New names for old places reflect the changing times, but not everyone is happyOld place names were born out of tradition, culture and heritage, which new names ignore, say locals
When you ask Ranjit Shrestha where he is from, the 82-year-old will tell you he’s from Wongha. The word Wongha might not sound familiar to many, but for elderly Newars in Kathmandu, it is where they were born and raised.
“Indra Chowk is Wongha to us,” said Shrestha. “We still call it Wongha but the younger generations don’t.”
With the passage of time and changing social milieus, traditional names like Wongha have changed. Yen became Kathmandu, Yala became Lalitpur and Khwopa became Bhaktapur. Even Boudha Stupa had a different name—Khasti Mahachaitya—before the Panchayat era, according to historical records.
But this change in name hasn’t been limited to the Valley. In more recent years, cities and villages across the country have embarked on a name-changing spree. While many of these new names were meant to reflect the change in the country’s socio-political dynamics, a consistent criticism has been that many are either unaware of these name changes or are reluctant to use a new name for a place they’ve called home for decades.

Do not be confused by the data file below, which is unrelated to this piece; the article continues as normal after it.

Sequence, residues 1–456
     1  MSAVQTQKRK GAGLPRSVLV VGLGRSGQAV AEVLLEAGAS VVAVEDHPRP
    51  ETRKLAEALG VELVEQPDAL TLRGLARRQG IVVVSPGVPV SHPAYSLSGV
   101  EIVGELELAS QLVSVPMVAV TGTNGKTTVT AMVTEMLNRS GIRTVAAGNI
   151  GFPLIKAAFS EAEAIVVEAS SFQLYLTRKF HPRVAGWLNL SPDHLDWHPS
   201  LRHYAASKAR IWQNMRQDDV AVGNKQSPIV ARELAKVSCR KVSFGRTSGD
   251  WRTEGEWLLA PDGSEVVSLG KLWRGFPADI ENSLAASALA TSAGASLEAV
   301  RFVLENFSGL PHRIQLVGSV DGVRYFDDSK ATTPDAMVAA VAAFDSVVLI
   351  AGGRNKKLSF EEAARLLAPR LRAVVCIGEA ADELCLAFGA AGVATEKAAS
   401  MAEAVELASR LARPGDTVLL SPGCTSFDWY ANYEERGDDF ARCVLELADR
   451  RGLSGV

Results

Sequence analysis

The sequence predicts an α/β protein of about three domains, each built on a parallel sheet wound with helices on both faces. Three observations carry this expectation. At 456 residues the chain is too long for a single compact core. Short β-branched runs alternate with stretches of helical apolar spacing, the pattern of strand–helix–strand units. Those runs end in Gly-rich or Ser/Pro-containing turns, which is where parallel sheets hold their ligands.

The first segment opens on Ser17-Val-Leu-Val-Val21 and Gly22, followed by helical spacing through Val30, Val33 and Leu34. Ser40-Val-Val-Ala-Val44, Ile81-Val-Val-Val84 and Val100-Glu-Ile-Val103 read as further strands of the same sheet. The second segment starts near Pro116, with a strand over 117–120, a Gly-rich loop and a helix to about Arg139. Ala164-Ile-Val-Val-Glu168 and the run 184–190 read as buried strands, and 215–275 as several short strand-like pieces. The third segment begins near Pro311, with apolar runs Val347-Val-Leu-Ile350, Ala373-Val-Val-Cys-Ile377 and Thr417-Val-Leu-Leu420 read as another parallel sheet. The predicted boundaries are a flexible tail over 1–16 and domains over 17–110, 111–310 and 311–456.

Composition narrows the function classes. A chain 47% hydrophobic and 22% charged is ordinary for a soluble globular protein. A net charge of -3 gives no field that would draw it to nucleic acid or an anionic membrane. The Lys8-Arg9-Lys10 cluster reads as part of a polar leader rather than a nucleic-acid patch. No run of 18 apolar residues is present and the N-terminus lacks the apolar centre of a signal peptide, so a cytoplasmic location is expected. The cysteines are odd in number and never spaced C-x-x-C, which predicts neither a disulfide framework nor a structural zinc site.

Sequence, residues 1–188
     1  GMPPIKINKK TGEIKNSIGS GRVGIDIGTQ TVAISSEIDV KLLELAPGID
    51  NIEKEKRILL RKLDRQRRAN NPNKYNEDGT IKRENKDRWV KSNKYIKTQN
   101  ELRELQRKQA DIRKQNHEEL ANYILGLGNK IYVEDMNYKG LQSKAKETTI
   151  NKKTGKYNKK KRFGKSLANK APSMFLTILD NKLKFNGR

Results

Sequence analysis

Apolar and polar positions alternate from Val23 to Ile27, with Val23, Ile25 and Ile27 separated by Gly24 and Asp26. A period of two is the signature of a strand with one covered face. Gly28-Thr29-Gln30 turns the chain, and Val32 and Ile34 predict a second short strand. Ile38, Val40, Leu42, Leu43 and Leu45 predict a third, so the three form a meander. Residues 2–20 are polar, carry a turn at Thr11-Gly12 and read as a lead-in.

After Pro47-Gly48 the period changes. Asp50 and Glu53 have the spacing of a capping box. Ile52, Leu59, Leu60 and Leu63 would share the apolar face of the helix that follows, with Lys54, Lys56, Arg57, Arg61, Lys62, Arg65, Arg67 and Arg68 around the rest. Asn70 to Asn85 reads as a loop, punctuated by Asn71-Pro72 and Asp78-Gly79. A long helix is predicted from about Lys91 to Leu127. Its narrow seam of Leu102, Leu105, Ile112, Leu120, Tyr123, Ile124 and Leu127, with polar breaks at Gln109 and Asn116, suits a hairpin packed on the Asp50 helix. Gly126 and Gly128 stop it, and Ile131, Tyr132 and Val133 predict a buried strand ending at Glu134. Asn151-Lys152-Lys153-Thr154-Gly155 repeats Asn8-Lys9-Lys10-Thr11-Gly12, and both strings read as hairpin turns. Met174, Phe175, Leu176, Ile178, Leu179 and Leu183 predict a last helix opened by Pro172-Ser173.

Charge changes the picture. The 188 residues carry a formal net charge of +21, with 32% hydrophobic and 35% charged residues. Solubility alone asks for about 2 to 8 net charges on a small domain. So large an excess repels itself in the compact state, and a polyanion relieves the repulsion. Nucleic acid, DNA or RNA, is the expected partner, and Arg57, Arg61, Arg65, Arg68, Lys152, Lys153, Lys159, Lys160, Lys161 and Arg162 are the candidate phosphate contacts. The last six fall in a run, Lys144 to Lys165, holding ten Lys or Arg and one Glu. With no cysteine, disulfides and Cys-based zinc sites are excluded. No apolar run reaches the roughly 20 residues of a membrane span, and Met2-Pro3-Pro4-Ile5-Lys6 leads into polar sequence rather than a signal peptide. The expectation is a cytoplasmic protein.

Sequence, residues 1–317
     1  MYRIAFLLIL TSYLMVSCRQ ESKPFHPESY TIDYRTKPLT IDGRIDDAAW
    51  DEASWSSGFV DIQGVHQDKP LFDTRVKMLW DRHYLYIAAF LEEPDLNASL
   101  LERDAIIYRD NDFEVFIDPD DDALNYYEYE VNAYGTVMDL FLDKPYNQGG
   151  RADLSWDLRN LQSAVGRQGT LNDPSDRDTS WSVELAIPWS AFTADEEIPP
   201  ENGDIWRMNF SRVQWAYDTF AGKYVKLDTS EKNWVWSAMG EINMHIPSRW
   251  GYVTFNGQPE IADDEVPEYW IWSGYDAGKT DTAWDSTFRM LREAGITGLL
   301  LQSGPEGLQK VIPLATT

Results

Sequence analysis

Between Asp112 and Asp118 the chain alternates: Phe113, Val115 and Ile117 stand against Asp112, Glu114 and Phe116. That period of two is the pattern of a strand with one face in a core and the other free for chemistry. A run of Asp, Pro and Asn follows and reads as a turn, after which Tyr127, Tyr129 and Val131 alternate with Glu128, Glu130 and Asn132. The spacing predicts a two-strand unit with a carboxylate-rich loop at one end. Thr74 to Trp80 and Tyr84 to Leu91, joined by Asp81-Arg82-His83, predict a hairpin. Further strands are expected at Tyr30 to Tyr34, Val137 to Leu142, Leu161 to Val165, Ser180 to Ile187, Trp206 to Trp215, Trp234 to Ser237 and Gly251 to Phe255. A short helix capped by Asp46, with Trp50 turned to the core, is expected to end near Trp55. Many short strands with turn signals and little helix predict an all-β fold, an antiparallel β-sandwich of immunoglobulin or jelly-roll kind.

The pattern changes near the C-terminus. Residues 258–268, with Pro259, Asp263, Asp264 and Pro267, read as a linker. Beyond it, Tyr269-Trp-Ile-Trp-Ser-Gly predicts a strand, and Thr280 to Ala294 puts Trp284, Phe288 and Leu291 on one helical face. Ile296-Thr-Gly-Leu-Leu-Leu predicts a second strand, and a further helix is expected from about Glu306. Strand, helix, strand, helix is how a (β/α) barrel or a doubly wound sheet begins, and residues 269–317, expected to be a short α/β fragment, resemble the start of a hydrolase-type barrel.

A few years ago, the city of Bhairahawa had its name changed to Siddharthanagar to make explicit that the place was the birthplace of Siddhartha Gautam, the Buddha. But people have been reluctant to use the name Siddharthanagar with a vast majority still calling the place Bhairahawa.
”No one calls it Siddharthanagar. This whole name changing charade was quite pointless,” said Sita Bhuval, a local. “It can officially be Siddharthanagar, but it will never be so for us. Everyone I know still calls it Bhairahawa.”
Many also argue that new names are not rooted in the culture and traditions of the place and have been imposed upon local populations.
Take Wongha, for example. The place was called Wongha because of a gagri placed in the area centuries ago by a king, say locals.
“Wongha is a combination of two words: ‘wonta’ which means east and ‘gha’ which means gagri,” said Sharad Kasa, a librarian at the Asa Safu Kuti, a public library of Nepali and Nepal Bhasa manuscripts. “As the gagri was placed in the eastern part of the city, the place was called Wongha.”